Sunday, November 15, 2009

My 15 seconds of fame...

I might have accidentally invented the multi-A.I. computer game, unheard of back in 1986. This is the opponent selection screen from my old public domain Peelgrunt Game of Gammon IV.64 that went around the world for a few months. I wrote it for CP/M and ported it to MS-DOS eventually. The source code for the MS-DOS version is on the C/C++ User's Group CD-ROM, in the uncataloged early stuff.

The characters are a homage to Alexei Panshin's Star Well trilogy, one of the most pleasantly droll science fiction series I've ever read. Peelgrunt is a special time of day (when the peels come out to grunt) in the third novel. There's also a Peelgrunt Room in some versions of the old text Adventure game.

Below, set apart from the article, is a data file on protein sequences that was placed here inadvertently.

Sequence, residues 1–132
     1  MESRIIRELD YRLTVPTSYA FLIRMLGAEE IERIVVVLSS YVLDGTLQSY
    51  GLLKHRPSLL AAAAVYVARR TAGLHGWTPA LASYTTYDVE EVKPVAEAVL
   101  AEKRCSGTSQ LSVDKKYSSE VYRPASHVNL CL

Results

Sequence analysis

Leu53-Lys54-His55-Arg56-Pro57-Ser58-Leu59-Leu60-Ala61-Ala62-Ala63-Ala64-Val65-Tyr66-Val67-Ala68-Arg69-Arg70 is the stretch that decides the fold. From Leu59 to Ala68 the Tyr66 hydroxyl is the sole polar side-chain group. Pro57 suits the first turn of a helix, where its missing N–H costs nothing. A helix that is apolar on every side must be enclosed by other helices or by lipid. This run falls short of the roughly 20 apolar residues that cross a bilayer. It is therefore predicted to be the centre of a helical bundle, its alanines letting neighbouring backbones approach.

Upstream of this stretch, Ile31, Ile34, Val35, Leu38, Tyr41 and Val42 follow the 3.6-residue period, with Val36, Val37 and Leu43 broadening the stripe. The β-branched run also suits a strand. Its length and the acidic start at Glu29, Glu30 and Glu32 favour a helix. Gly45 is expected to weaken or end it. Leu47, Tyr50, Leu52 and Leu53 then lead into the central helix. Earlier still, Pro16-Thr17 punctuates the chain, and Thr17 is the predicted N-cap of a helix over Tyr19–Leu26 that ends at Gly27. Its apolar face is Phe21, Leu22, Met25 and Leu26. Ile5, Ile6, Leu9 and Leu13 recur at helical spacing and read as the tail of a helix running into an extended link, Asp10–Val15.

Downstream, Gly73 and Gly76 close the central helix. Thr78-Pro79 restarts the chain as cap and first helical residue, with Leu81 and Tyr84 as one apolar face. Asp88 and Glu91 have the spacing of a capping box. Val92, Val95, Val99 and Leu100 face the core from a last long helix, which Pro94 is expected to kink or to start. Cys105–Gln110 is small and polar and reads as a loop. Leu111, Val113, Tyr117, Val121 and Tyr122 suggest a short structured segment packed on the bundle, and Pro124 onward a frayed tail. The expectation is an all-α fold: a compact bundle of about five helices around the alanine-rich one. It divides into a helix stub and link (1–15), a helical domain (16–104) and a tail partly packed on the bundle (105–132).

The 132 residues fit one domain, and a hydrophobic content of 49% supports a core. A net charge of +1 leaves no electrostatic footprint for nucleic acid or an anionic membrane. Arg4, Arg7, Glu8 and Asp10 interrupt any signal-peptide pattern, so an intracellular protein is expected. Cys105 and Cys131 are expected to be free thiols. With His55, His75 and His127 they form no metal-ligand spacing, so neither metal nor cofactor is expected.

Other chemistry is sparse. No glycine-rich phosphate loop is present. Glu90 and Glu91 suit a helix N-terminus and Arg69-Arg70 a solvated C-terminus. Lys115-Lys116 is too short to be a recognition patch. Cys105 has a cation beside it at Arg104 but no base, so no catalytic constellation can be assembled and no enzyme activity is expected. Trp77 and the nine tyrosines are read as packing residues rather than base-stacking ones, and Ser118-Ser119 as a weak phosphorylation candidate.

My "a.i." algorithm was ridiculously simple. I just used the same set of board evaluation subroutines for each player, but since C allows you to pass an array of pointers to functions, I simply sorted three bool (*)( void )[] arrays into different evaluation priorities for each "player," and passed the array to my evaluator. In practice, there were three function arrays, but only one evaluator which called each member of its argument (the pertinent array of pointers to functions) in turn. I thought Villiers would be the strongest, but it turned out to be Parini in my case. I had mail from other players who thought Torve the Trog was nearly unbeatable, but in fact, he just looked for the attack with the longest reach and executed that first, if possible. It was all pure heuristics; no neural net stuff at all — a weak first effort, in fact, pathetic against GNU Backgammon or JellyFish Light 3.5 (heh...eventually), but sometimes ok against beginners.

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